Joint Session With: Qur’an and Islamic Tradition in Comparative Perspective, International Qur’anic Studies Association
July 8, 2013
3:00 PM to 6:00 PM

Theme: Prophets and Prophethood between Bible and Qur’an

Zohar Hadromi-Allouche, University of Aberdeen, Presiding

Emran El-Badawi, University of Houston, Introduction (7 min)

Gabriel Said Reynolds, University of Notre Dame, Introduction (7 min)

Anne-Laure Zwilling, Centre National de la Recherche Scientifique and Anne-Sylvie Boisliveau, Rijksuniversiteit Groningen
Moses and the Burning Bush: A Two-Voice Analysis (20 min)

David Kiltz, Berlin-Brandenburgische Akademie der Wissenschaften
“Ebionism” and the Qur’an Revisited (20 min)

Discussion (16 min)

Break (30 min)

Mehdi Azaiez, IREMAM / CNRS
Prophetical Polemics in the Bible and the Qur’an: The Case of Counter-Discourse (20 min)

Michael Pregill, Elon University
Intertextual Complications: The Qur’anic Cain and Abel Reconsidered (20 min)

Tommaso Tesei, University of Notre Dame
Apocalyptic Prophecies in the Qur’an and in Seventh Century Extrabiblical Literature (20 min)

Discussion (20 min)

Qur’an and Islamic Tradition in Comparative Perspective
Joint Session With: Qur’an and Islamic Tradition in Comparative Perspective, International Qur’anic Studies Association
July 9, 2013
9:00 AM to 12:00 PM

Theme: Rhetoric and the Qur’an: Structure, Composition, Argumentation

Orhan Elmaz, University of St. Andrews, Presiding

Michel Cuypers, IDEO
Semitic Rhetoric in Sura 81 (Al-Takwir) and Chapter 10 of the Testament of Moses (20 min)

Ulrika Mårtensson, Norwegian University of Science and Technology
Al-Tabari’s Rhetorical Concept of the Qur’an: Implications for Historical and Contemporary Research (20 min)

Discussion (35 min)

Break (30 min)

Mustansir Mir, Youngstown State University
Hamid al-Din al-Farahi on Qur’anic balaghah (20 min)

Gabriel Said Reynolds, University of Notre Dame, Respondent (20 min)

Discussion (35 min)


Qur’an and Islamic Tradition in Comparative Perspective
Joint Session With: International Qur’anic Studies Association, Qur’an and Islamic Tradition in Comparative Perspective
July 9, 2013
3:00 PM to 4:15 PM

Gabriel Said Reynolds, University of Notre Dame, Presiding

Alain George, University of Edinburgh
On an early Qur’anic palimpsest and its stratigraphy: Cambridge Or. 1287 (45 min)

Break (5 min)

Discussion (25 min)

Qur’an and Islamic Tradition in Comparative Perspective
Joint Session With: Qur’an and Islamic Tradition in Comparative Perspective, International Qur’anic Studies Association
July 10, 2013
9:00 AM to 12:00 PM

Theme: Qur’anic and Biblical Discourses in Comparative Perspective

Andreas Görke, University of Edinburgh, Presiding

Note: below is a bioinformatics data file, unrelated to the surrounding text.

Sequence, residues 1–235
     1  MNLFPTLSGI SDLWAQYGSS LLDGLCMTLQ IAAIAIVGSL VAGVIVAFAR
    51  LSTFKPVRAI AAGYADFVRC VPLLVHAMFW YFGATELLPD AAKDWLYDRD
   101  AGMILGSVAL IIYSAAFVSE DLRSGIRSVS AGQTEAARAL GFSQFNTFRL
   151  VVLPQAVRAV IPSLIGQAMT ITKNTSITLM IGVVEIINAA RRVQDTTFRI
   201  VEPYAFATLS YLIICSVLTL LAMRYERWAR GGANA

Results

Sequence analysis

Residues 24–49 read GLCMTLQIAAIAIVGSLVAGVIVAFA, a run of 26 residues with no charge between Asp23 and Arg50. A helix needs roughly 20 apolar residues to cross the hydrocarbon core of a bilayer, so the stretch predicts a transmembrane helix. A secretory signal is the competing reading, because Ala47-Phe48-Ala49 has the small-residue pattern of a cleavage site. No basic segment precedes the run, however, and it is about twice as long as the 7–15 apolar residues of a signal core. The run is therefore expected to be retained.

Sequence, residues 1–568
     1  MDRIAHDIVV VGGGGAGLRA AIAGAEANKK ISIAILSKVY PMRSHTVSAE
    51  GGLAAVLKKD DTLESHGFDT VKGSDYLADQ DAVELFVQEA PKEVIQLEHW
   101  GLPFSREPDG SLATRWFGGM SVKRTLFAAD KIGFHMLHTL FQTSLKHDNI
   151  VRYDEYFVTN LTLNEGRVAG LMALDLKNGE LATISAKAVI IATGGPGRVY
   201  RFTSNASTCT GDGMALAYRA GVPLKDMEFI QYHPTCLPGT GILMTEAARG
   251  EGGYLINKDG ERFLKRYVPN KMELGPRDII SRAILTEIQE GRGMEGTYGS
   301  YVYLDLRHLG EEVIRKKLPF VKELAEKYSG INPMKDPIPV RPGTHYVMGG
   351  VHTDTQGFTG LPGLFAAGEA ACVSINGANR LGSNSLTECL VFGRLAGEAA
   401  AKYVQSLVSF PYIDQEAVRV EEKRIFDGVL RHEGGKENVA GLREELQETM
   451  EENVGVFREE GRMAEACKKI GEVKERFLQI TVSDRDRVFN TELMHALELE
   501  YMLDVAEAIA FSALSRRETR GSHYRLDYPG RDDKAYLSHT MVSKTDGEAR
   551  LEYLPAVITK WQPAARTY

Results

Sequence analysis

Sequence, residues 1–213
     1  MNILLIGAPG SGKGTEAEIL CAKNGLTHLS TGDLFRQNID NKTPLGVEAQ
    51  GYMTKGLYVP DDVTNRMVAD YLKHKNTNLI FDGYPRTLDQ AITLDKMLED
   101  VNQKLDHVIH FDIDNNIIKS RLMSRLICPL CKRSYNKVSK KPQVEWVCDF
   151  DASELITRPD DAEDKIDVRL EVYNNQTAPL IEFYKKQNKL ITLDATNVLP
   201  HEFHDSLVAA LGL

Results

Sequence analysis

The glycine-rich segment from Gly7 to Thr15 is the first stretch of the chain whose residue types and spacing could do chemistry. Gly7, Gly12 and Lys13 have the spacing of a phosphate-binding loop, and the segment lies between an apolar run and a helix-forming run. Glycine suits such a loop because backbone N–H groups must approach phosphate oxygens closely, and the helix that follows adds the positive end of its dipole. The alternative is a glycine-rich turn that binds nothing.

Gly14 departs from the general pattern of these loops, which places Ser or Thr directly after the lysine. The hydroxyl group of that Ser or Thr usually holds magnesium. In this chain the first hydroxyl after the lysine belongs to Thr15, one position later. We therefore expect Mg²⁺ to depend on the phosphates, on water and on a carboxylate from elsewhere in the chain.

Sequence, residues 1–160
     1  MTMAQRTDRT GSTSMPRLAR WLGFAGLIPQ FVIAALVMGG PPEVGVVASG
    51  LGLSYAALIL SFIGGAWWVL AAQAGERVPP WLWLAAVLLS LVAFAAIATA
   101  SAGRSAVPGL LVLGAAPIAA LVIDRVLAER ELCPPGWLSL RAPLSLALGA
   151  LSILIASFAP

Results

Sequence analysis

Keren Abbou Hershkovits, Ben-Gurion University of the Negev
Idris, Enoch, and Celestial Knowledge: Astronomical Knowledge Given (or Taken?) from Heaven (20 min)

Nadjet Zouggar, Louvain-la-Neuve University
The Biblical Prophets’ Place in the Elaboration of Sunni Prophetology (20 min)

Abdulla Galadari, University of Aberdeen
The Qiblah: A Qur’anic Allusion to the Shema (20 min)

Discussion (15 min)

Break (30 min)

Roy Michael McCoy III, University of Oxford
An Arabian Trudgman in Nazareth: The Gospel Narrative of al-Biqa’i’s Nazm al-durar fi tanasub al-ayat wa’l-suwar (20 min)

Orkhan Mir-Kasimov, The Institute of Ismaili Studies
Messianism and the Idea of Universal Exegesis in Islam: The Parallel Interpretation of the Qur’an and the Bible in the Jawidan-nama of Fadlallah Astarabadi (d. 796/1394) (20 min)

Discussion (35 min)

© International Qur’anic Studies Association, 2013. All rights reserved.

PhD Students in Qur’anic Studies: Interview Series Part 1

A conversation between Mehdi Azaiez and Tommaso Tesei

Since its creation, IQSA has been defined as a network of a diverse range of scholars and educators, serving to advocate for the field of Qur’anic studies both in higher education and in the public square. Within this scope, IQSA will present three interviews over the following weeks with PhD students working in the field of Qur’anic studies. We begin with Tommaso Tesei, a PhD Student working mainly on the Qur’an’s cultural relationship with the Late Antique world.


Tommaso, what are your academic achievements in the field of Qur’anic studies ?

My interest in Qur’anic studies has matured over the last three years, from my doctoral studies at both La Sapienza University in Rome and the Institut National des Langues et Civilisations Orientales in Paris to my research for the European Research Council project, “The Here and the Hereafter in Islamic Traditions” (University of Utrecht, Sept.–Dec. 2012). Most recently I have undertaken work as a Mellon doctoral fellow with the “Qur’an Seminar” (University of Notre Dame, Dec. 2012–Sept. 2013).

What is the aim of your research?